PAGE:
Achieving the best-educated status will help Virginians experience better wage outcomes. After graduation, individuals with degrees experience better wage outcomes over time than those with high school diplomas alone. Median wages for students 10 years post-graduation are about $18,000 greater for an associate degree and $25,000 greater for a bachelor’s degree when compared to workers with a high-school diploma. Workforce credentials such as industry certifications and state licensures produce an earnings premium as well. According to the Bureau of Labor Statistics, individuals with an industry certification or state licensure earn one-third more than those without: $1,007 per week versus $747, respectively.
Median wages for students 10 years post-graduation are about $18,000 greater for an associate degree and $25,000 greater for bachelor’s degree recipients compared to workers with a high school diploma.
Affordability and Debt
Affordability of higher education remains a concern in achieving best-educated state status. It is affected by the cost of attendance (expenses including tuition and fees, room and board, transportation costs, books and supplies), state support, the availability of state and federal financial aid, and the ability of students and families to contribute.
Debt continues to grow but remains similar to the national average. Median debt in Virginia remains under $15,000 for an associate degree and $30,000 for a bachelor’s degree. Fifty-nine percent of associate students and 37% of bachelor’s students graduate with no debt.
Source: SCHEV staff analysis of debt
59% percent of associate degree students and 37% of bachelor’s degree students graduate with no debt
General Assembly and gubernatorial support for higher education in the 2016 session resulted in an investment of more than $316 million, leading to the lowest tuition increases in 15 years. It also supported efforts to reduce cost through the development of institutional efficiencies and increased pathway programs through the Fund for Innovation and Excellence. Recently announced budget reductions will make more difficult Virginia’s progress on its higher-education goals.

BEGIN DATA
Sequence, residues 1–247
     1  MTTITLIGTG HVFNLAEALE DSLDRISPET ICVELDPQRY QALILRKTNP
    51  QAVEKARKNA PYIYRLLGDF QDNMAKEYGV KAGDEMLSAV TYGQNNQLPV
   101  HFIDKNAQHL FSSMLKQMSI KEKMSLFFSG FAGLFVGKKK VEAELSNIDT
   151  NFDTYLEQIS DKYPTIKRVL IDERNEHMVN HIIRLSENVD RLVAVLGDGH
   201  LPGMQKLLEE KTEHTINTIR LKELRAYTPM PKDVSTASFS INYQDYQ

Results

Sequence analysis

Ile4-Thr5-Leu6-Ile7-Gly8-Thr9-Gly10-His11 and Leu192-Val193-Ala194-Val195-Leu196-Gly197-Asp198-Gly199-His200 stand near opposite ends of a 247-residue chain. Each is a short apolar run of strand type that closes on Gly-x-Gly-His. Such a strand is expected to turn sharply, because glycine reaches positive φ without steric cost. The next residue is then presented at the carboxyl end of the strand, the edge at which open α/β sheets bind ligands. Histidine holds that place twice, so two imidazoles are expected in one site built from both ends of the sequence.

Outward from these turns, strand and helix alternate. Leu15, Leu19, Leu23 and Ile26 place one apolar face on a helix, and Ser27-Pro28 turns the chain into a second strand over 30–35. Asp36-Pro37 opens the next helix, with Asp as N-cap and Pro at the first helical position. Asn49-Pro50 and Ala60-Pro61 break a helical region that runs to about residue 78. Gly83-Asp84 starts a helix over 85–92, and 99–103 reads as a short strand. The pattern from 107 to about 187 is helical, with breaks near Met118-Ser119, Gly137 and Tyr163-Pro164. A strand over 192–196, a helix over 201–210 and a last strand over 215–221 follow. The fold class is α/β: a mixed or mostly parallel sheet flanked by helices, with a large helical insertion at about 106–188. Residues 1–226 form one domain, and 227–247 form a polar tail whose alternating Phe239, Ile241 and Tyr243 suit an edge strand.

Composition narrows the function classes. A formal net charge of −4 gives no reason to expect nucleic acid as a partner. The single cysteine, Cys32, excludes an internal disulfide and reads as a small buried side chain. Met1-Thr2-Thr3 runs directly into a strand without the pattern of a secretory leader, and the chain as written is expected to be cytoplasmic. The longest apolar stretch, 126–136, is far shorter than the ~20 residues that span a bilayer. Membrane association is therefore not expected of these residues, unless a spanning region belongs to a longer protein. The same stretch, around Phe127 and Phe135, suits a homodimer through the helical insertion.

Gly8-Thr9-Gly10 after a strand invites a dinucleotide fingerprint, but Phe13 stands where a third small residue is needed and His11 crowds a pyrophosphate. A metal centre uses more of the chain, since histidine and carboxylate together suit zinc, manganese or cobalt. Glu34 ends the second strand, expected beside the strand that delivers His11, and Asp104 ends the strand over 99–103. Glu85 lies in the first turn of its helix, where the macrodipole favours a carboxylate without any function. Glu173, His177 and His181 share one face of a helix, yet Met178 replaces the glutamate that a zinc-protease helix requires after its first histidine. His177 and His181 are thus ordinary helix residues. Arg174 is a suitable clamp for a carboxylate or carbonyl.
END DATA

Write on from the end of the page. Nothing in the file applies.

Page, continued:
Research and Economic Prosperity
Research expenditures in the Commonwealth as a percentage of total U.S. research expenditures have remained flat over the last several years. Targeted research investments, such as those through the newly created Virginia Research Investment Fund, support opportunities to grow and expand research. Increased investment in building the Commonwealth’s research capacity will help generate new innovations, attract and retain quality faculty, establish business and create new jobs.
Considerations for 2017
In the fall of 2016, SCHEV Council members reviewed the findings discussed above and recommended a continued focus on six key priority initiatives to support efforts to achieve the best educated state status. These include:
- Supporting programs that increase successful transitions to postsecondary education and increase completion rates.
- Identifying sustainable funding strategies.
- Implementing and supporting greater efficiencies within institutions
- Ensuring quality in education.
- Increasing communications to improve public knowledge of the value of higher education.
- Supporting research and economic development.
Download the full report: Annual Report 2016